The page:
This kind of behavior begins as an option on the menu of motor options in the part of the brain known as the basal ganglia. The basal ganglia is involved in planning movement, and in other things like emotion. When we are nervous (over-stimulated) or bored (under-stimulated), the basal ganglia makes a selection from a menu of learned behaviors, or habits. Tics and nervous habits give us some kind of reward – in my case it’s probably distraction from whatever has triggered nervousness.
The good news is that when the basal ganglia chooses one of our default motor behaviors, what’s happening is that it’s not inhibiting that behavior. And the other good news is that inhibition is one of the things that the Alexander Technique teaches. Inhibition is the ability to say “no” to things we don’t want (like excess tension), or to “turn off” that activity in our mind-body.
Of course habits will come back and we are always developing new ones, but thanks to the Alexander Technique, I’ve learned to recognize habits of contraction and more easily return to a place of equanimity. Practicing the Alexander Technique, I have learned to give priority to not compressing my spine, and that training is what has taught me to let go of unhelpful habits.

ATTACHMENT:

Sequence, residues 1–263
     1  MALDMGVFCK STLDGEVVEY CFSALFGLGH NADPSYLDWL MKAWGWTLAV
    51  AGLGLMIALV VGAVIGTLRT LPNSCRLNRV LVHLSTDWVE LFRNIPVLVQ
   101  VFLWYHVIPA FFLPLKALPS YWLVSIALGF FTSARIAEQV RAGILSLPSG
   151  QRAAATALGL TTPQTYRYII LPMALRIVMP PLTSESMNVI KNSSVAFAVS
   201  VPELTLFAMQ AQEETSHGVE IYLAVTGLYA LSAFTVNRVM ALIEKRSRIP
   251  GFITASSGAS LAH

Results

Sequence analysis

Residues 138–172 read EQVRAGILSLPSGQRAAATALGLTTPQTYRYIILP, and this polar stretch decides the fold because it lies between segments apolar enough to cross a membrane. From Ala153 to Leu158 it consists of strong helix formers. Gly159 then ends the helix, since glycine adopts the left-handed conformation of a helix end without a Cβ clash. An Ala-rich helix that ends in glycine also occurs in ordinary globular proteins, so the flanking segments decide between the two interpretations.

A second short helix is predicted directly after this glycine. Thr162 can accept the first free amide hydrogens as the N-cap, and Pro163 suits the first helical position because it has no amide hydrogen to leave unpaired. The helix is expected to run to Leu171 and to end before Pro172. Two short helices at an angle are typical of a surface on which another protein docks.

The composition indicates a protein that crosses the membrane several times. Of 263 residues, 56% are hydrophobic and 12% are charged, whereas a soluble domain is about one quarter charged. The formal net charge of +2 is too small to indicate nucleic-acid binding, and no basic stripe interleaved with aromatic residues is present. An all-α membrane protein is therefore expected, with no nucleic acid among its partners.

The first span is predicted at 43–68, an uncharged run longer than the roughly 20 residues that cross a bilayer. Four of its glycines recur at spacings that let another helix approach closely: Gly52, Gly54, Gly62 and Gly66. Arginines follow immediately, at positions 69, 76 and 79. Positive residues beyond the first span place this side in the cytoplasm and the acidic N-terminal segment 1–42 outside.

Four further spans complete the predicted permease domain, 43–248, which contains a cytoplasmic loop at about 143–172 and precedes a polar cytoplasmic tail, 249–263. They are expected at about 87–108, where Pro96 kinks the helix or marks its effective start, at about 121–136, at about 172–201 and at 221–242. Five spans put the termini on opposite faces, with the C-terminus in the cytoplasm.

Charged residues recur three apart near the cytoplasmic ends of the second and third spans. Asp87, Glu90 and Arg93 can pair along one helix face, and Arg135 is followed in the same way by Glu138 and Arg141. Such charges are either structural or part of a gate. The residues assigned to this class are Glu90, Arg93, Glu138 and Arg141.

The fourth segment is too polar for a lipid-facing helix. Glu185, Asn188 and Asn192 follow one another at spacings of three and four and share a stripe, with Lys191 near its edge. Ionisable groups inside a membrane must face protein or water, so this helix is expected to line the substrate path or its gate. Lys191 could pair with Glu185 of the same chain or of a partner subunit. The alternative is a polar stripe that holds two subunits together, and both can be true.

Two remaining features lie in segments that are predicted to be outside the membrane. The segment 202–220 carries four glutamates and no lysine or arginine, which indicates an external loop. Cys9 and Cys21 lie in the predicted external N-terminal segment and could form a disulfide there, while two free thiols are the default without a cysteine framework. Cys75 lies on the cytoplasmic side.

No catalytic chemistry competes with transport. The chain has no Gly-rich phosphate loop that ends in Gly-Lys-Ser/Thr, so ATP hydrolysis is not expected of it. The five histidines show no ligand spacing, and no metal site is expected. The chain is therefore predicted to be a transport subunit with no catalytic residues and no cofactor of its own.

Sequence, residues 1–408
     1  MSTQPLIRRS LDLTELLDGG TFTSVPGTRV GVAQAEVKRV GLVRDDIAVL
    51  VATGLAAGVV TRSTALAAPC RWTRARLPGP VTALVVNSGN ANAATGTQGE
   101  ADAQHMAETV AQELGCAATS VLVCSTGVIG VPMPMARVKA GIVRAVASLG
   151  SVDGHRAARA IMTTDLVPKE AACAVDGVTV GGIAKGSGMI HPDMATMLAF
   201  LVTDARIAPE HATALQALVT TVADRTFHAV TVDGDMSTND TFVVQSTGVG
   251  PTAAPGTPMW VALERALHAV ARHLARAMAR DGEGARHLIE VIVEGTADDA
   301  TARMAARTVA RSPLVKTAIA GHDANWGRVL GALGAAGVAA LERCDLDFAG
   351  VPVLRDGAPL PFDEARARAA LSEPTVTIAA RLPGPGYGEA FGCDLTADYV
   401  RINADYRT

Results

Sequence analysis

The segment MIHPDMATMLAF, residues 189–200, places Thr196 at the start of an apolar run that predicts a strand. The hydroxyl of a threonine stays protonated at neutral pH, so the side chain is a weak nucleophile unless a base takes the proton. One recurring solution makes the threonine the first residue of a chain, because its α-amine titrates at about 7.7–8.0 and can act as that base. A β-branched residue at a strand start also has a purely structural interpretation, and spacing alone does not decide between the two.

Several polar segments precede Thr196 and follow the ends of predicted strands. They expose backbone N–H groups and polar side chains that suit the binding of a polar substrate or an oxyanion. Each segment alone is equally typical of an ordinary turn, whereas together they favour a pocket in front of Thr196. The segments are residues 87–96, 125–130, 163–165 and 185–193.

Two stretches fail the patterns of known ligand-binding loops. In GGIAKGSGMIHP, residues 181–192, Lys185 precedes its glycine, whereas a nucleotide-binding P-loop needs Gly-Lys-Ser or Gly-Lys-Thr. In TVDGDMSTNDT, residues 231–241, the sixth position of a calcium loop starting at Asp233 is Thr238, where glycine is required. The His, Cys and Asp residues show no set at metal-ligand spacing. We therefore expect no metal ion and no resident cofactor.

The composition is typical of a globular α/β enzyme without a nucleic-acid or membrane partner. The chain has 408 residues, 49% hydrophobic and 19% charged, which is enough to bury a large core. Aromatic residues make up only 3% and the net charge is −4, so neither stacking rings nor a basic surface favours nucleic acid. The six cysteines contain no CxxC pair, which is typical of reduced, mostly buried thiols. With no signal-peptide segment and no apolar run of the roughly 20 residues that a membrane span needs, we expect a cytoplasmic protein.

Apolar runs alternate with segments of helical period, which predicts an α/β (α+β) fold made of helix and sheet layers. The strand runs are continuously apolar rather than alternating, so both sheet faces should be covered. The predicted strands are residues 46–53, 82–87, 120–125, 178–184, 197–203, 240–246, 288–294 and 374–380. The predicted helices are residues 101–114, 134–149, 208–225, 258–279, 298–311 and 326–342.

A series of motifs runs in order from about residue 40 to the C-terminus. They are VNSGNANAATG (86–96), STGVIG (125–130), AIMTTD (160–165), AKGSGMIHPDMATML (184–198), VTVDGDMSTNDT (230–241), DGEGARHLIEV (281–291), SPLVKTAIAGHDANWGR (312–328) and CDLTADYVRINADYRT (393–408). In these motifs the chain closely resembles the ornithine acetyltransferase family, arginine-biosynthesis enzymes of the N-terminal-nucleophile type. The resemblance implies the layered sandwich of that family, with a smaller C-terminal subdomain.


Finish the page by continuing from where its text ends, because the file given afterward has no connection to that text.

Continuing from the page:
Next time you find yourself reacting in automatic pilot in a way you don’t like or that is harmful to you, like reaching for a cigarette, yelling in anger, tensing your neck or biting your finger nails, give yourself permission to pause for just a moment to just observe yourself. That pause in that “critical moment” is where change begins.
If you’d like to learn more about how Alexander Technique helps change unhelpful habits, write me at email@example.com to schedule a one-on-one, group or online class. You can also subscribe to receive these tips here and read past articles here. If you find this useful, please feel free to pass it on to friends or colleagues who may be interested.